I don’t always get to write about products or services that particularly inspire me (don’t tell anyone, but making portaloos sound interesting was a struggle), but however specialist or technical your organisation might be, copywriters are skilled at familiarising themselves with the subject and bringing it to life.
I’m sure the copy about those portaloos was pretty riveting after you had finished with it! Let’s say a company has never worked with a copywriter before, what should they expect out of the process? And how do you approach a new customer relationship?
Everything starts with a conversation. Whether it is via Zoom, a phone call or perhaps while grabbing a coffee [when it is safe to do so], my process always begins with getting to know a little bit about you or your company. This insight into what you hope to achieve with your latest marketing push, rebrand or website upgrade will mean that you can find out more about how I may be able to assist you too.
Through this conversation I will hopefully understand the potential scale of the project, while you can ask me any burning questions you may have for me and discuss any initial ideas or rough briefs. A no-obligation, pressure-free consultation is always a great jumping-off point for discussing ideas or working through your marketing requirements, even if you decide to not hire my services…though I always hope you will! Once the size of the project has been agreed, I will then send you what is known as a copywriting agreement to read through and sign. This is a straight-forward and a [hopefully] not very scary document which outlines what you can expect from me and how I work, including all the terms and conditions which will protect both me and you during the project.
A detailed quote for my services and an agreed deadline is provided within this document, as well as a payment plan for new clients to look over. It all sounds very formal, but essentially this is just to ensure that we are on the same page with everything and to avoid any confusion down the line.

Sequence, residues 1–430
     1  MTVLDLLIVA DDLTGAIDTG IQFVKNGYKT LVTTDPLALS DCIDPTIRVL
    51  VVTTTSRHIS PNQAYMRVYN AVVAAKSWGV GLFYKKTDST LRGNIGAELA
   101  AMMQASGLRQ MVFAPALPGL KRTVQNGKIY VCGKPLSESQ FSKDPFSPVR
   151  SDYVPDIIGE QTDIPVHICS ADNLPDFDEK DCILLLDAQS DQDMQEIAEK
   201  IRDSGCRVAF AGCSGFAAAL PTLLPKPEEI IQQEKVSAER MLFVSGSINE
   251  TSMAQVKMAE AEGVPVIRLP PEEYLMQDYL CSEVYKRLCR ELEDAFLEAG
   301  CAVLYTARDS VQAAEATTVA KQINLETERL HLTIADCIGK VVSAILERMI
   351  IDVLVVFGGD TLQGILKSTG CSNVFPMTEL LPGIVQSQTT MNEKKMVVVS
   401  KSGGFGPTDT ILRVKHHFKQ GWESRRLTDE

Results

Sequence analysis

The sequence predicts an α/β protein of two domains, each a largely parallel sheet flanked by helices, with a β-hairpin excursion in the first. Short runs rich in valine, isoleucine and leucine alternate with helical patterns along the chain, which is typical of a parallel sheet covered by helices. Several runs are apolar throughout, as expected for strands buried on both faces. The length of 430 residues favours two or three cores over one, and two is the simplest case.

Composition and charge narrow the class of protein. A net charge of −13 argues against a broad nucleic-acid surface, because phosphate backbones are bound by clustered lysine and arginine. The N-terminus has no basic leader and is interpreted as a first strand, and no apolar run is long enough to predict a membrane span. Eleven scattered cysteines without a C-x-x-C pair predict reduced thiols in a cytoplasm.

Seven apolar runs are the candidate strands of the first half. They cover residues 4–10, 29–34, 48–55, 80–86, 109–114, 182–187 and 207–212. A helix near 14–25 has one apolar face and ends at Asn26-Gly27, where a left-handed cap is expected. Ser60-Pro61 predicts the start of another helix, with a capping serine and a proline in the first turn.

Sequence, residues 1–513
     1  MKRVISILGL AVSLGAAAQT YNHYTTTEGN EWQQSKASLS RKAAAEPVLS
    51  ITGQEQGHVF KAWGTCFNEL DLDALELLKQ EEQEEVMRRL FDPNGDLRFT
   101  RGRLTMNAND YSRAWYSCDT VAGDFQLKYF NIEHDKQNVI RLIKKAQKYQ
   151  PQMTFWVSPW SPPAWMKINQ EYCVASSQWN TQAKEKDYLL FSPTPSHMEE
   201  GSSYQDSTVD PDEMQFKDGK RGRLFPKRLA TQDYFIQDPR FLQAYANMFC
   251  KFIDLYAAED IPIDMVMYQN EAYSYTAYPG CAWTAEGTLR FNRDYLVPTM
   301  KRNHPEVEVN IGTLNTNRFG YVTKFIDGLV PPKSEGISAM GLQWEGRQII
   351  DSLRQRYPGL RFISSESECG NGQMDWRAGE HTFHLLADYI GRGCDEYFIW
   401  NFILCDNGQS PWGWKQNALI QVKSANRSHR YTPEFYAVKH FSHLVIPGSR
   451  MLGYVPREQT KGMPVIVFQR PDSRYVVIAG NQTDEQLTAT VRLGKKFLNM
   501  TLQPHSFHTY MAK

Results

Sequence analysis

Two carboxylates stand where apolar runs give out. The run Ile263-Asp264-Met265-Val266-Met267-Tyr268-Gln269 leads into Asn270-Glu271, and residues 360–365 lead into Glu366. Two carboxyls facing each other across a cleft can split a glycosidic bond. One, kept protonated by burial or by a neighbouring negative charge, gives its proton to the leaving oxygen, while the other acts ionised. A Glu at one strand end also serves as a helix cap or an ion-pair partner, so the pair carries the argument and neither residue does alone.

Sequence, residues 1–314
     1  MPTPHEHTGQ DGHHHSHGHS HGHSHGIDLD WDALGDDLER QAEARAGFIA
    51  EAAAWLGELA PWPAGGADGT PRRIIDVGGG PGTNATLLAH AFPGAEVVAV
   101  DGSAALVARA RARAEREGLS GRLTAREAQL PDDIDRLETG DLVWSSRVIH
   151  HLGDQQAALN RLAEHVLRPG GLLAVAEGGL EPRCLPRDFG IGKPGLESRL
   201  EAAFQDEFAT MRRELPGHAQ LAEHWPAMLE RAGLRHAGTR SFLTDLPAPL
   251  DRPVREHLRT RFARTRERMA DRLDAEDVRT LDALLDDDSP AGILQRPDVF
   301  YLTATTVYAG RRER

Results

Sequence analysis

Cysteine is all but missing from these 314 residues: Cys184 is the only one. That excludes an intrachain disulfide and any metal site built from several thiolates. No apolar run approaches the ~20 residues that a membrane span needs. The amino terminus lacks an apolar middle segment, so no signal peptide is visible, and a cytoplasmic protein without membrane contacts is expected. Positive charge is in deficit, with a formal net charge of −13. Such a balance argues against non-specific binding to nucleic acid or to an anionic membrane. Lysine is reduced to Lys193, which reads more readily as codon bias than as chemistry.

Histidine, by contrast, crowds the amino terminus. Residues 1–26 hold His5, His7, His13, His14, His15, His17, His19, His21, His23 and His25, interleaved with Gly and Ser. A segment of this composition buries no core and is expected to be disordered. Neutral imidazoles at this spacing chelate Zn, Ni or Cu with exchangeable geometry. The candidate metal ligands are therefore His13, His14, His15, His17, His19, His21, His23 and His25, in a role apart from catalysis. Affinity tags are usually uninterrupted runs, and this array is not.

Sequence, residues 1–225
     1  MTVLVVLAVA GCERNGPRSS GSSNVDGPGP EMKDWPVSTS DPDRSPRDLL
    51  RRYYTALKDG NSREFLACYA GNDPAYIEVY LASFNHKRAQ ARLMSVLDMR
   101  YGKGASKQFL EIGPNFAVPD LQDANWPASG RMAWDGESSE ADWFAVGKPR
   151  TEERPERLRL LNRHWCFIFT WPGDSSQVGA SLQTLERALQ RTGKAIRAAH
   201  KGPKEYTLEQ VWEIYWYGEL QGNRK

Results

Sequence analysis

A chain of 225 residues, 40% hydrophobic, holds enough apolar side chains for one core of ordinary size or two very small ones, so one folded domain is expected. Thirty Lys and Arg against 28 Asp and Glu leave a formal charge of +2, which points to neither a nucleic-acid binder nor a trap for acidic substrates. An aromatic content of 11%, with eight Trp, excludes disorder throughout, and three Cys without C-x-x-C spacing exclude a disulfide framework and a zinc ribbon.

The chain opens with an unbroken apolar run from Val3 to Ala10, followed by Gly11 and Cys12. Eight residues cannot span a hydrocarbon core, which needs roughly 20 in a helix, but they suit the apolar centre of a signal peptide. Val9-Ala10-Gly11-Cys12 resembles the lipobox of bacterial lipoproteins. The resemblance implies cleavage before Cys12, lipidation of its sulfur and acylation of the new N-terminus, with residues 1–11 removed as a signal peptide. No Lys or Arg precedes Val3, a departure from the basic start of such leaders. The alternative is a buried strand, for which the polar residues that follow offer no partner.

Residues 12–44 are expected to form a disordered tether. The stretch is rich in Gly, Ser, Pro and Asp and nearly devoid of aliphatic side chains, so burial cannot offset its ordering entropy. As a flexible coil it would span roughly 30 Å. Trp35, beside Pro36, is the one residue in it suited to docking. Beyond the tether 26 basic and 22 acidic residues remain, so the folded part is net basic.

Once this is signed, I can get to work producing your tailormade content. From time to time I might require some extra information and give you a bell to fact-check or grab some more info, so your availability for any further questions is key. However, never expect calls or frantic texts at 1am, just the odd email or catch-up may be necessary, and again, this is all just to make sure the final product is as accurate and consistent as possible.
Finally, do you have any tips for a potential customer preparing to work with a copywriter?
Honestly, just recognising the benefit of working with a copywriter is a great first step. Realising the value of a copywriter’s services will make for a great working relationship and will mean that both sides of this transaction will feel the benefit of the partnership. Being open to consultation about your business and your marketing goals is a must. And remember to hand over any pertinent product or company information or brand guidelines you may have – these will really help a copywriter create some insightful and memorable copy that sets you apart from your competitors.
That all sounds fantastic Evangeline, thanks so much for sharing your insights with us.
I have personally worked with Evangeline before, and can attest to her near-magical way with words. She is also a dream to work with! If you are interested in working with a copywriter, drop her a line at firstname.lastname@example.org, I know you won’t be disappointed. And if you think that a combination of translation and copywriting is exactly what your business needs, then why not book a callback with me using my contact form to talk it through?